Lenders are aware of these challenges, and some are stepping up with solutions. One creative arrangement that’s proving popular is to finance the estimated liquidation value of new equipment instead of financing an entire purchase. So if a company is buying $10 million worth of service vehicles with a liquidation value of $7 million, it might secure $6 million against that liquidation value; that’s far from 100% financing, but it does offer valuable liquidity.

Given the results of the latest survey of mid-market CFOs — as well as various recent consumer surveys — the retail industry appears to be turning the corner. After years of holding the line on spending, there’s an overwhelming need to invest in an array of capital projects. Some CFOs may delay investments into early 2013 to see how the new Congress resolves the fiscal cliff, with its toxic mix of tax increases and spending cuts. After that, retail investment spending may really begin to gain momentum.

Jim Hogan is senior managing director at GE Capital, Corporate Retail Finance, a leading provider of senior secured loans to retailers in North America, supporting working capital, growth, acquisitions and turnarounds (gecapital.com/americas).

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Focus on: Loss Prevention

BY CSA STAFF

Total losses attributed to retail shrinkage hit $34.5 billion last year, “positioning retail crime as the largest form of property crime,” according to Dr. Richard Hollinger, professor of criminology, law and society, University of Florida, Gainesville, Fla. And it shows no signs of easing anytime soon. Indeed, the rate of shrink remains on a five-year climb, according to the Loss Prevention Research Council (LPRC), Gainesville, Fla.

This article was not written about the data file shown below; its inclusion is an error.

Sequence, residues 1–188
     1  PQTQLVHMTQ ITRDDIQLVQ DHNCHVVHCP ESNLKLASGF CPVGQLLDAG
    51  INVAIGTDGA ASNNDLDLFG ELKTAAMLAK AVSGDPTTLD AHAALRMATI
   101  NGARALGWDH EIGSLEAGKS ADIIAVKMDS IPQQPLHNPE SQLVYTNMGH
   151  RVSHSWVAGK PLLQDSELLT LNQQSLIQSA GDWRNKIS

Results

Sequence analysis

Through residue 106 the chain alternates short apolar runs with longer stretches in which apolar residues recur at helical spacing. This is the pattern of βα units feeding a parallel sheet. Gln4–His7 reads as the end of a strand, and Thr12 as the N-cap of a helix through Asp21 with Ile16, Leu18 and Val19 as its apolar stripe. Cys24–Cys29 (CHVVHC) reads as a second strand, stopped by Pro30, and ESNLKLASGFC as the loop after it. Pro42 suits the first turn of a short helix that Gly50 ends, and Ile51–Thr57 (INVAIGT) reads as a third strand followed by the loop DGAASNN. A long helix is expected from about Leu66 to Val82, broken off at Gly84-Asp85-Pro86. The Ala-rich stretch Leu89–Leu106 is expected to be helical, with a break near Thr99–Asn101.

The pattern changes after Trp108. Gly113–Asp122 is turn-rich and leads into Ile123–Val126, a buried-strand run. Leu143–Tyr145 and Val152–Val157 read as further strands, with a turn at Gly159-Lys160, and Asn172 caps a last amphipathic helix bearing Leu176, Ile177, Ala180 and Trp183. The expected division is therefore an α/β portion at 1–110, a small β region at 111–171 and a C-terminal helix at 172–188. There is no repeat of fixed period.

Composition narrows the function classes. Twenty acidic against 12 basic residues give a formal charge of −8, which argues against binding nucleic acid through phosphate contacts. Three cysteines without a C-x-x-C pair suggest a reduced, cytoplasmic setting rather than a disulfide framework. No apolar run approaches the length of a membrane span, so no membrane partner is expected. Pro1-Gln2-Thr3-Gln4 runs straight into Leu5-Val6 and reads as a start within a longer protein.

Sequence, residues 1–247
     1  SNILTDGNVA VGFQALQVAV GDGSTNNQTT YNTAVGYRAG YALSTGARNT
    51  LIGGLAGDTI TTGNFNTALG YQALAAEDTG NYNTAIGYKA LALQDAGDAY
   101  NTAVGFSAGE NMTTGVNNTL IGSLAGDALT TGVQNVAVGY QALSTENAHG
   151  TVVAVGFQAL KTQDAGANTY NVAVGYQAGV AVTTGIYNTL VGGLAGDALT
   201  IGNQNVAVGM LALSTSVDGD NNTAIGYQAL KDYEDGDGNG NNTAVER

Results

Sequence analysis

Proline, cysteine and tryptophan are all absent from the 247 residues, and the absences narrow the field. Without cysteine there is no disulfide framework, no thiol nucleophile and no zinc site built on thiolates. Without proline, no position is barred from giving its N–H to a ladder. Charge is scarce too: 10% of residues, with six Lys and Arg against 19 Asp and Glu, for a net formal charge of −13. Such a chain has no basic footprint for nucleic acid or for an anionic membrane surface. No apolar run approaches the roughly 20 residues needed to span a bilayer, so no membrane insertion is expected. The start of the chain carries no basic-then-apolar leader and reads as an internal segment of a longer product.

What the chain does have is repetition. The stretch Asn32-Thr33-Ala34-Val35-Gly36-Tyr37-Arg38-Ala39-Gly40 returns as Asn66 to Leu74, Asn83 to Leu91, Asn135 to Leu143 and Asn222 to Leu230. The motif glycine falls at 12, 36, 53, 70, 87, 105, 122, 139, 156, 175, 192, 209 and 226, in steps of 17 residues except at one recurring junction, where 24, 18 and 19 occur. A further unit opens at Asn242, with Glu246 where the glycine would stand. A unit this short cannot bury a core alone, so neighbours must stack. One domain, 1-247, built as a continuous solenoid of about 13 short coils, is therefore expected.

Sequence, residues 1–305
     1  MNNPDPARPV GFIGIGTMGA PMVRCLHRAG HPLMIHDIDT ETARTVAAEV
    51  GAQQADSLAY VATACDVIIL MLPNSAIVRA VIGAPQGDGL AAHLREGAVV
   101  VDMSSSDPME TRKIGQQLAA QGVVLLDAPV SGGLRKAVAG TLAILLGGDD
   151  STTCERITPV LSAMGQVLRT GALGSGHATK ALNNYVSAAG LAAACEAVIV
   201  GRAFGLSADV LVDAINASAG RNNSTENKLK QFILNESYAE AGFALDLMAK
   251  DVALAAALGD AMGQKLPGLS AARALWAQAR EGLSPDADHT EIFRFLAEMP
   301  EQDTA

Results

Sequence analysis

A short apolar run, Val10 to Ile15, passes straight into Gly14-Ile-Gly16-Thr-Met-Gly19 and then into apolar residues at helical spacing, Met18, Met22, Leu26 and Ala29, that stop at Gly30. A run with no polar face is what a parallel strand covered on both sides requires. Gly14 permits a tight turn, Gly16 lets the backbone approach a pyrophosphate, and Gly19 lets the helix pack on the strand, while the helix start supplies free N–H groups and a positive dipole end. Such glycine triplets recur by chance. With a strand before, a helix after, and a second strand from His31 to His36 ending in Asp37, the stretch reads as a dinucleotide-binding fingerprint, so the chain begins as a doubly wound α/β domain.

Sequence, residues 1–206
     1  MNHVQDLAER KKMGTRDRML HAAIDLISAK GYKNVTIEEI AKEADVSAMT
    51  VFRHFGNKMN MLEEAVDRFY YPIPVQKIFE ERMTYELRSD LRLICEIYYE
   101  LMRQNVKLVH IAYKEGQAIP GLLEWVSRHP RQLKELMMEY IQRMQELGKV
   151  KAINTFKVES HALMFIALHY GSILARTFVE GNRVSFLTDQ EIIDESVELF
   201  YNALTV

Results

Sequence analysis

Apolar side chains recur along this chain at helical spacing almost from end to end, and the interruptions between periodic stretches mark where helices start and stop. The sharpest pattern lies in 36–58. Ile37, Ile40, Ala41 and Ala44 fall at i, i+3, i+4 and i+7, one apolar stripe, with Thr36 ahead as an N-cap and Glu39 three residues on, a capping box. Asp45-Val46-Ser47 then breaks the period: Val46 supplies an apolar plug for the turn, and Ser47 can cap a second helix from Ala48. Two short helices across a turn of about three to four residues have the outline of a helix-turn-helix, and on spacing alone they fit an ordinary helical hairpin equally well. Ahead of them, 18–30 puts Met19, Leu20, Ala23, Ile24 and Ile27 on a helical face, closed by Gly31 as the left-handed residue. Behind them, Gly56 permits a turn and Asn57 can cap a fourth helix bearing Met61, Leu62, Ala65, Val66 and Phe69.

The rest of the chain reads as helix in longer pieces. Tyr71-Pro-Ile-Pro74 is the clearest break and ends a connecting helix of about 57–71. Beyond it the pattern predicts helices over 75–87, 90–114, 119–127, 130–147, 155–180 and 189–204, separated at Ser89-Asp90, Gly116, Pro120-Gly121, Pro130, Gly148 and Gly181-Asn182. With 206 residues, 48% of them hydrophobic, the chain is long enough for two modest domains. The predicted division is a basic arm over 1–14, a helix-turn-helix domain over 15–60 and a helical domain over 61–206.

But retail shrink is now challenging retailers in new ways. Traditionally, chains have focused their shrink reduction efforts on such internal and external loss factors as shoplifting, employee theft and, particularly in recent years, organized retail crime. Today, however, operational factors — including returns, gift cards, maintenance of raw materials and perishables — and merchandise movement across the supply chain are also viewed as contributing to shrink levels. And as retailers integrate more in-store digital touchpoints to support their customer engagement strategies, they are creating even more opportunities for loss (see related story).

Industry experts say the key to combating all these varied loss factors is to tightly integrate the loss prevention team into IT planning — especially as chains begin implementing more customer-facing digital solutions.

“LP needs to be at the table at the planning stages of any IT project,” said Joe LaRocca, VP loss prevention, National Retail Federation. “LP can look at these proposed technology solutions, and share thoughts on potential ways criminals will try to crack systems or intrude into software.”

Some retailers are already integrating the expertise of loss prevention teams into information technology planning. Gap Inc. is one company that is bullish on the value of aligning the two groups. By merging the expertise of the chain’s IT and LP teams, “Gap is improving returns management, exception reporting and source tagging order management processes,” according to Orlaith Murphy, senior director, loss prevention, Gap, San Francisco.

Apparel retailer bebe stores takes this strategy one step further. The company is leveraging its LP team’s operational expertise, a move that will create a cross-functional team that focuses on loss prevention, field marketing, inventory management and revenue as a whole.

“We need to work smarter, not harder, so we started tapping our team’s different skill sets,” explained Brent Hamlin, senior director of loss prevention, bebe stores. “In our case, one executive was taking financial courses; another was proficient in SQL coding. By discovering those specific tasks, you improve operations,” including loss prevention strategies and decisions.

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Making the Customer Connection

BY CSA STAFF